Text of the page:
Doctor insights on:
Fingernail Staph Infection
Son has dark greenish substance under fingernail, its swollen and hurts him when I try to clean it out. He has eczema so could it be staph infection?
Possible: Would urge that you bring him to the pediatrician. Do note however that even though people with eczema are often colonized with staph, infection under the nail is unusual. ...Read more
This is an infection caused by Staphylococcus aureus - and it often is quite dangerous because the organism, the 'germ' has alot of virulence to it... it's very nasty in other words. You can see an ID doc to find out more about Staph infections, since they are experts in diagnosing and treating ...Read more
Staph Infection: Staphylococcal bacteria commonly inhabit the skin and interior of the nose. Microscopic or visible breaks in the surface barrier of the body--the skin and mucous membranes--provide an opportunity for these bacteria to cause localized infections. Complications arise when the staph bacteria spread beyond the initial site of infection to the bloodstream and interior body tissues. ...Read more
Bacteria: Many people carry staph bacteria and never develop staph infections. If you have a staph infection, there's a good chance that it stemmed from bacteria you've been carrying around for some time. These bacteria can also be transmitted from person to person. Because staph bacteria are so hardy, they can live on inanimate objects such as pillowcases or towels long enough to transfer to the next person. ...Read more
Staphylococcus: Staph is an organism found everwhere in nature (surfaces/doornobs) but mostly on skin. Can spread via hands. We are covered w/staph and our 'normal staph flora' protect us from unfriendly virulent strains. Staph can cause infections in skin, sinuses, lungs, gut, lungs but if in the blood can cause infection in all organs. Worrisome is antibiotic resistant staph (mrsa, mrse, gisa). Handwashing! ...Read more
The signs of any bacterial infection are: redness, swelling, pain, heat. In medical school most of us learned the latin: rubor, tumor, dolor and calor (yes, doctors are nerds for the most part).
these symptoms worsen along with the severity of infection (i.e. Dark fiery red is worse than light pink). If the infection gets more serious, you can have fevers as well. ...Read more
Staphylococcus: Staph is an organism found everwhere in nature (surfaces/doornobs) but mostly on skin. Can spread via hands. We're covered w/staph & our 'normal staph flora' protect us from unfriendly virulent strains. Staph can cause infections in skin, sinuses, lungs, gut & if in the blood can cause infection in all organs. Worrisome is antibiotic resistant staph (mrsa, mrse, gisa). Handwashing decr's spread. ...Read more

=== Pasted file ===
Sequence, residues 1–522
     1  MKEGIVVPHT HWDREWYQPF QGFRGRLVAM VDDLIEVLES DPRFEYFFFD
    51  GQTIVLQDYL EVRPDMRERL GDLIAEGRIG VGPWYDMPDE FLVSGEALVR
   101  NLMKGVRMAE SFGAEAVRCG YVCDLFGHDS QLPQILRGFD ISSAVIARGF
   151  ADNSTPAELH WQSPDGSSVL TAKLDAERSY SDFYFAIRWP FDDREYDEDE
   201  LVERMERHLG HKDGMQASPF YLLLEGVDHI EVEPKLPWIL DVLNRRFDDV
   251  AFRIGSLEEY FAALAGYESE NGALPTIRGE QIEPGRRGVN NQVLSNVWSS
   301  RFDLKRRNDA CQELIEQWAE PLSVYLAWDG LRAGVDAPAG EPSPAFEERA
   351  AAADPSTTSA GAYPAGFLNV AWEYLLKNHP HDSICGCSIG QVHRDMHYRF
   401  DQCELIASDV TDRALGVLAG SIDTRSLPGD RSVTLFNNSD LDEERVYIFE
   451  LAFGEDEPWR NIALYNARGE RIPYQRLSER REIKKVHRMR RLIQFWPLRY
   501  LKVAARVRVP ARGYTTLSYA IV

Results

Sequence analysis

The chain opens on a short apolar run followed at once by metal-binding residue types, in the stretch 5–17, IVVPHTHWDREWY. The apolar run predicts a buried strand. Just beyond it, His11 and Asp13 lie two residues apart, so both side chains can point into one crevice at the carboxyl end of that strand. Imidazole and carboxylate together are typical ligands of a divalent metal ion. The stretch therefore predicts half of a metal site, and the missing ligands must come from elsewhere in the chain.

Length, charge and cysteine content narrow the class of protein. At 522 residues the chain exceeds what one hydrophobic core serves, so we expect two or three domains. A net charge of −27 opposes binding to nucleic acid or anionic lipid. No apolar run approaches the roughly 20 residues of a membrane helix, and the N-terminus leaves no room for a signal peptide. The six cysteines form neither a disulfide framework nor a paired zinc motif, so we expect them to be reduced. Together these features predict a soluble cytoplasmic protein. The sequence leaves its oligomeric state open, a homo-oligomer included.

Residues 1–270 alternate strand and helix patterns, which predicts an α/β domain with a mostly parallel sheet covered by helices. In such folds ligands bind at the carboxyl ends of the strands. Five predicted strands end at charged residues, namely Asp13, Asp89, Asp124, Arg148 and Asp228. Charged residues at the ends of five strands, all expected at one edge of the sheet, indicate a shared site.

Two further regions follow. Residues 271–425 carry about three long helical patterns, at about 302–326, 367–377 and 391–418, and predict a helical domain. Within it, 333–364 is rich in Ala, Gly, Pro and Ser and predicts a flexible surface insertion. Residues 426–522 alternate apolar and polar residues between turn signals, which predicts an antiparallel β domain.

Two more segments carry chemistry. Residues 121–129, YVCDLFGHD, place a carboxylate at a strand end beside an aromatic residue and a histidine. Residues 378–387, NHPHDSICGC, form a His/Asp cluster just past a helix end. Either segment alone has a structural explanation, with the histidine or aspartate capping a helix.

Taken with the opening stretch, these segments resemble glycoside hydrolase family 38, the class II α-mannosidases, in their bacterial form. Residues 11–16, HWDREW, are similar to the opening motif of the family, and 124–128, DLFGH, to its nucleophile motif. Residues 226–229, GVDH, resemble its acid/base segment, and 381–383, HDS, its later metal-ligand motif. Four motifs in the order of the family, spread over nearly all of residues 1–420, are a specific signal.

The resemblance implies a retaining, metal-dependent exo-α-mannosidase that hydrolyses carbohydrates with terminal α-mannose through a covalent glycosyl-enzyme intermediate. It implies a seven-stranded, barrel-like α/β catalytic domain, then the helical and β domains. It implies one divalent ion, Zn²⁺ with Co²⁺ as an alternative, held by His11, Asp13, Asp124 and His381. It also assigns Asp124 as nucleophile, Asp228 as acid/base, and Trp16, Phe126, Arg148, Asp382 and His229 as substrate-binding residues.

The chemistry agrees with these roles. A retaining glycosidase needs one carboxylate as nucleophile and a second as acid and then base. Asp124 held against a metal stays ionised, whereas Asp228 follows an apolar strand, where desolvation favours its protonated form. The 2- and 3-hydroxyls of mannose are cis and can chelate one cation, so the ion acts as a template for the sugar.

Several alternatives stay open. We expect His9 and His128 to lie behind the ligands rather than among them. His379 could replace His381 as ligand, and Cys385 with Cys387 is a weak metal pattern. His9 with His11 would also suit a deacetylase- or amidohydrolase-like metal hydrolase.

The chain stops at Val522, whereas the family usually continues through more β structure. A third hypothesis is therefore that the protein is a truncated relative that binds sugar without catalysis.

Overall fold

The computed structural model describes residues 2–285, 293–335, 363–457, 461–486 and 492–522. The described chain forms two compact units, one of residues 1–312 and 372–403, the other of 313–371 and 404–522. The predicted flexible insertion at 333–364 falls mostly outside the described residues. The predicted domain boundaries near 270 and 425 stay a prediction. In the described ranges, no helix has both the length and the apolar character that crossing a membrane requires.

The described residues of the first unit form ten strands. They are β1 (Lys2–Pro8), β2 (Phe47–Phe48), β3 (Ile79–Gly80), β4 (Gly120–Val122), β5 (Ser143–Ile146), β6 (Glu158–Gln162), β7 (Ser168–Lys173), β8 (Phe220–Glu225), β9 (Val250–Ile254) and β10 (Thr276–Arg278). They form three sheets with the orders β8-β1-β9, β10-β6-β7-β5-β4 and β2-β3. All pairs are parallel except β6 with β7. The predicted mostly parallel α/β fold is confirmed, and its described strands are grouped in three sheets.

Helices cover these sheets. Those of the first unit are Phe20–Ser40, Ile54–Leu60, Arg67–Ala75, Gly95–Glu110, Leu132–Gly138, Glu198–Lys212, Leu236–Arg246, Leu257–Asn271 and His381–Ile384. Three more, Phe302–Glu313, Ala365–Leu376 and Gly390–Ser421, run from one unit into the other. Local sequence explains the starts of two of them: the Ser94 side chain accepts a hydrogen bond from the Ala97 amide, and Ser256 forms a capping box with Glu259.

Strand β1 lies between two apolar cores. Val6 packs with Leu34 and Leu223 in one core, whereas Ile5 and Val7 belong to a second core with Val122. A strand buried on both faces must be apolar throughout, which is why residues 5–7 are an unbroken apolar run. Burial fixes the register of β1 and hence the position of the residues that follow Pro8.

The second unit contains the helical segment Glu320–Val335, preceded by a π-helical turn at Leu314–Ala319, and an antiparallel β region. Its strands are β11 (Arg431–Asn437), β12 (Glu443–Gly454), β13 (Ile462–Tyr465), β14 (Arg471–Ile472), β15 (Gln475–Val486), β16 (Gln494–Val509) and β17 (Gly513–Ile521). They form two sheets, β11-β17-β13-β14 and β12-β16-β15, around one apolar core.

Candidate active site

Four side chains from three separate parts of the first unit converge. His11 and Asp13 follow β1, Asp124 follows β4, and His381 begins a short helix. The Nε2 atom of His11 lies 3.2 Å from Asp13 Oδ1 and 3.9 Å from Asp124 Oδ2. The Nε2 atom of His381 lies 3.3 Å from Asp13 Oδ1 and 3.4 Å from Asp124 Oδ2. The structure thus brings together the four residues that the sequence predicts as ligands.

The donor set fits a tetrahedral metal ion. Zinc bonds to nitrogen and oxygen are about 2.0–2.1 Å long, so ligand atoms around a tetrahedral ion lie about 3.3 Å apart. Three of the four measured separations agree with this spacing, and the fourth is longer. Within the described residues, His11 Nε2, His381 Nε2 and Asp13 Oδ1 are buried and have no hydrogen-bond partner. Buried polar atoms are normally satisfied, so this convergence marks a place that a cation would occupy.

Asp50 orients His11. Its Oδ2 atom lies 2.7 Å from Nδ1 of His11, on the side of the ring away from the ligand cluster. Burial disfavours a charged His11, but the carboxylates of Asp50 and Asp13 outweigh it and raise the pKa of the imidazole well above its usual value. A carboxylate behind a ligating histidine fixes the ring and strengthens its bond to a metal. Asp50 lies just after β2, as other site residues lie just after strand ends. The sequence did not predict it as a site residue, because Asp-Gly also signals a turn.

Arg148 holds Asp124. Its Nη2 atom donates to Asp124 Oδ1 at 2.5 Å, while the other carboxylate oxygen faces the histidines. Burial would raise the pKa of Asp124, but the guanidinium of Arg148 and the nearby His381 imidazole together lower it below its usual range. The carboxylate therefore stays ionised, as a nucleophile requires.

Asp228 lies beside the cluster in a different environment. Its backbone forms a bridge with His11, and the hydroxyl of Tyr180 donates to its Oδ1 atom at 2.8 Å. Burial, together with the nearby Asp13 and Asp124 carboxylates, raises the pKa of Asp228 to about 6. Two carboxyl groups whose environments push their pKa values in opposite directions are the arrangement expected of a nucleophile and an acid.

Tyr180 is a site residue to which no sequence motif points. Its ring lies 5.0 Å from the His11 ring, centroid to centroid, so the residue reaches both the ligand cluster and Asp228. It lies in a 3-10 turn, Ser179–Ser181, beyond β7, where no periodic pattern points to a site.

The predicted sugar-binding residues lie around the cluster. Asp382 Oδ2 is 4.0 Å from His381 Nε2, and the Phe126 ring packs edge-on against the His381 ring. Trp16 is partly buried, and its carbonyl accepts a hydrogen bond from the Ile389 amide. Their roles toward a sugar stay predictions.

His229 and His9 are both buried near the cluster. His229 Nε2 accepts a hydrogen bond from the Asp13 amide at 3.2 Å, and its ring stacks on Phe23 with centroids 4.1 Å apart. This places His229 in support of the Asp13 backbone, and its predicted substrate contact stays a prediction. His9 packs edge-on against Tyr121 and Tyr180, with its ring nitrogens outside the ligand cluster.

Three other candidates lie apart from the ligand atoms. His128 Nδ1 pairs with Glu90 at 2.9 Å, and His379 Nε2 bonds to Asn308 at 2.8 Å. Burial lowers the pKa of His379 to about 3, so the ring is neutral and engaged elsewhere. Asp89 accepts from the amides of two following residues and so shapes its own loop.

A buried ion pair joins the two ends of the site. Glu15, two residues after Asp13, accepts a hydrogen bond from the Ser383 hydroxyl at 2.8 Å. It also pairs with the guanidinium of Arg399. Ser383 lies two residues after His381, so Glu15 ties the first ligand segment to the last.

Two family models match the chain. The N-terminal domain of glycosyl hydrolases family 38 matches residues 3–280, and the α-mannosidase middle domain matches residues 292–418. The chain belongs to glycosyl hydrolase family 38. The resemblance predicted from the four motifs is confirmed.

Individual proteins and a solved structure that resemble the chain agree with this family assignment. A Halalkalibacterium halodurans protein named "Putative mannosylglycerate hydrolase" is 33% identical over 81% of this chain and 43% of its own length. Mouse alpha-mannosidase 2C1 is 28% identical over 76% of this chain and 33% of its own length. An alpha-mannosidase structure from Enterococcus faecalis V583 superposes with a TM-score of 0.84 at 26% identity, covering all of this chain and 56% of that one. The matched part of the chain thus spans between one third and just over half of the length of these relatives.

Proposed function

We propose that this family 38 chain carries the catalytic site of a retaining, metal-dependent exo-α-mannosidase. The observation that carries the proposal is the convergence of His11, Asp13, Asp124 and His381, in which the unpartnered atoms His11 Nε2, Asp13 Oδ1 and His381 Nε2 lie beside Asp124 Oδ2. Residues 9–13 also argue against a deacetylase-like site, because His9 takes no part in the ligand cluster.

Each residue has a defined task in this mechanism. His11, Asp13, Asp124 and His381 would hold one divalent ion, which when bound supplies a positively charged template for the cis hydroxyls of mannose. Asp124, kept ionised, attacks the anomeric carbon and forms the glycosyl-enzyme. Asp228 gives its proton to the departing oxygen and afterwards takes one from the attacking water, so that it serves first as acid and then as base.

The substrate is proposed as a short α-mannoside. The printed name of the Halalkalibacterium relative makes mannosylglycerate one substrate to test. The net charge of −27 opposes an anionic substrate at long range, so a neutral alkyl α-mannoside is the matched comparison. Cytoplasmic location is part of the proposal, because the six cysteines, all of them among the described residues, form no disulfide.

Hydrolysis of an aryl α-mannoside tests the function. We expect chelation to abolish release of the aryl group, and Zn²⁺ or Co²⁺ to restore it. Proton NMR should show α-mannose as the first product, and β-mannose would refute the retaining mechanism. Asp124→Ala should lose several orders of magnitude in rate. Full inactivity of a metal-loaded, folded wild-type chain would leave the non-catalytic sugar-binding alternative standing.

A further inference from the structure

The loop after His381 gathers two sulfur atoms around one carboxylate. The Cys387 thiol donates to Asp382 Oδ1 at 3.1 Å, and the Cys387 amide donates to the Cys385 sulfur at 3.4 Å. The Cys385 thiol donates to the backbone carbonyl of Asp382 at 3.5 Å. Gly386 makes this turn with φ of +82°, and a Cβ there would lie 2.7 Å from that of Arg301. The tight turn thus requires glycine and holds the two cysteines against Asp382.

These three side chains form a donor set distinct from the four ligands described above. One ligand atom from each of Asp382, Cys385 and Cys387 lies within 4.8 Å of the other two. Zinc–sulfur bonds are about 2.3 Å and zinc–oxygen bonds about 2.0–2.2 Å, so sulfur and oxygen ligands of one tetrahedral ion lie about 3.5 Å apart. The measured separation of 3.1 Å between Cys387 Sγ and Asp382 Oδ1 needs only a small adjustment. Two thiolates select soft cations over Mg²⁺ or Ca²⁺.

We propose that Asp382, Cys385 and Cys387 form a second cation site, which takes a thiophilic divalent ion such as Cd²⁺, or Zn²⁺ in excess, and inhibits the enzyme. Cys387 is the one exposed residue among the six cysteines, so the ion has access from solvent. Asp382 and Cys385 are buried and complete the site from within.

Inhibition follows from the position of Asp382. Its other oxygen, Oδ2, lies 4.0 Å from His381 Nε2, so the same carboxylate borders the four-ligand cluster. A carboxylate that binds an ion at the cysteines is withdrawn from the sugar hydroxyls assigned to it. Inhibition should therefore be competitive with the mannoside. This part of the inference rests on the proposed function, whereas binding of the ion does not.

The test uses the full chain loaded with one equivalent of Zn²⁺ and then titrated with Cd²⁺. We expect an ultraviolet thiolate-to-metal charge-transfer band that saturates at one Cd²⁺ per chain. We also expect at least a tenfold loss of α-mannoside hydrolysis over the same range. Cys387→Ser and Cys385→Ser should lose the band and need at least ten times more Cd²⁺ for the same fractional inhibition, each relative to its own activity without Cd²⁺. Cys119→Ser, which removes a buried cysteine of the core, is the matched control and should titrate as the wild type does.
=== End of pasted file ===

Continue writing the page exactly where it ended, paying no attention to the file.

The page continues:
Sure.: Staph lives all over (ubiquitous), common skin germ; certainly can cause skin infection on buttock. Not a likely bowel germ, so not likely to be "in" butt, unless spread from skin source or spread from elsewhere. Can get perianal abscess (pus pocket) from inflamed/infected anal glands-usually not staph though. ...Read more
Depends: It depends on where the infection is. For example if it is a skin infection, you may have fever, redness, swelling, pain, pus etc. If it is a blood infection, you will have fever, chills, and possibly seeding of the bacteria in other organs, with signs and symptoms specific to that organ. ...Read more
Appropriate antibiot: It needs to be treated with apprropriate antibotics. If in the form of a cyst or blister it needs to be opened and drained, . ...Read more
MRSA: Staph is a common germ, lives on skin, in nose, elsewhere-ubiquitous. When get where they don't belong, cause infection including pus pockets (abscesses). Some strains are resistant to multiple antibiotics. One such strain is MRSA (methicillin resistant staph. Aureus); can be a big deal id there's infection with limited antibiotc available to rx. Don't want it to spread in hospitals, a big deal. ...Read more
Not always: The most common cellulitis pathogens (bacteria) are beta-hemolytic streptococci (groups a, b, c, g, and f) and staphylococcus aureus, including methicillin-resistant strains (mrsa). There are gram-negative aerobic bacteria that are identified in a minority of cases. Fungal infections can also cause cellulits. ...Read more